Researchers at York University have made a huge breakthrough in the field of tissue engineering after they coaxed three different types of cardiac cells to beat as one. The cells come together like Velcro and the beat is totally synchronized. It’s believed the findings could remove a number of limitations scientists face when manufacturing organs in the lab.
Building a heart from scratch in the lab is challenging, to say the least, but it’s well worth the effort. Of the 4,000 Americans waiting for heart transplants, only 2,500 will receive new hearts in the next year. Then, some of those people lucky enough to receive a transplant might be doomed because their bodies will reject the new heart and launch a massive immune reaction against the foreign cells.
A heart made in the lab, however, starts with the patient’s own cells so the resulting tissue looks, feels, and behaves as if it had always been there, inside the patient. Organs, however, have a particular architecture. To convince cells to grow into a liver or heart, for instance, scientists would typically build scaffolding on which the cells can replicate. This scaffold can work well but also comes with limitations.
Up until now, 2D and 3D in vitro tissue could not be made to beat in harmony, which is a must for a heart. Professor Muhammad Yousaf and colleagues tried a different approach and grew heart tissue without the need for a scaffold. The tissue is made out of the three cell types found in the heart: contractile cardiac muscle cells, connective tissue cells, and vascular cells.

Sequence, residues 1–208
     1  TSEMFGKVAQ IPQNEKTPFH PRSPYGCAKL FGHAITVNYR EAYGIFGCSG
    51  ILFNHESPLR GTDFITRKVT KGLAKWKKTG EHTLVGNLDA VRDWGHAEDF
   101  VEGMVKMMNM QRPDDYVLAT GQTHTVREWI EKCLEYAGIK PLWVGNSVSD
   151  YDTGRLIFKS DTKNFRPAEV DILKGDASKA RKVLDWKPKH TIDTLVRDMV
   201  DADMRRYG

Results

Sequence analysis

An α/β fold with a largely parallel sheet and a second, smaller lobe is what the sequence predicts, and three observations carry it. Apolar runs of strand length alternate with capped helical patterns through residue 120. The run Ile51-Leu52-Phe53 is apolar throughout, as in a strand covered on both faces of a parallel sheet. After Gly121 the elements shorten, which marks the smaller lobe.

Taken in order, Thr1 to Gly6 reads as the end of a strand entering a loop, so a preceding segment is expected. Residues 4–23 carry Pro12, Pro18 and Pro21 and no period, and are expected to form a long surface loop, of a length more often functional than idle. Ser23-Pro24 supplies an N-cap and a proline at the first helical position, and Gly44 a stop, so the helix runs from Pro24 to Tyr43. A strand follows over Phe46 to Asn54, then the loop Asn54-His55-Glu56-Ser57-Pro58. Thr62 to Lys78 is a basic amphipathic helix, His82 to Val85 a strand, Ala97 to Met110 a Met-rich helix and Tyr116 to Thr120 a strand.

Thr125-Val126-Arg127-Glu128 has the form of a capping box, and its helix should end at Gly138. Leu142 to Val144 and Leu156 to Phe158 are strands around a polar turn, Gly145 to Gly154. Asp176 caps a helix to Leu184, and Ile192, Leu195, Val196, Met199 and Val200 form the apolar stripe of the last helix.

“This breakthrough will allow better and earlier drug testing, and potentially eliminate harmful or toxic medications sooner,” said Yousaf, lead researcher of the paper published in Scientific Reports.
The cells were stuck together with a substance called ViaGlue. While the 3D tissue is by no means close to transplantable heart, it provides a great medium for testing drugs for heart disease. Cardiovascular diseases are responsible for 40 percent of all deaths in North America.
“Making in vitro 3D cardiac tissue has long presented a challenge to scientists because of the high density of cells and muscularity of the heart,” said Dmitry Rogozhnikov, a chemistry PhD student at York. “For 2D or 3D cardiac tissue to be functional it needs the same high cellular density and the cells must be in contact to facilitate synchronized beating.”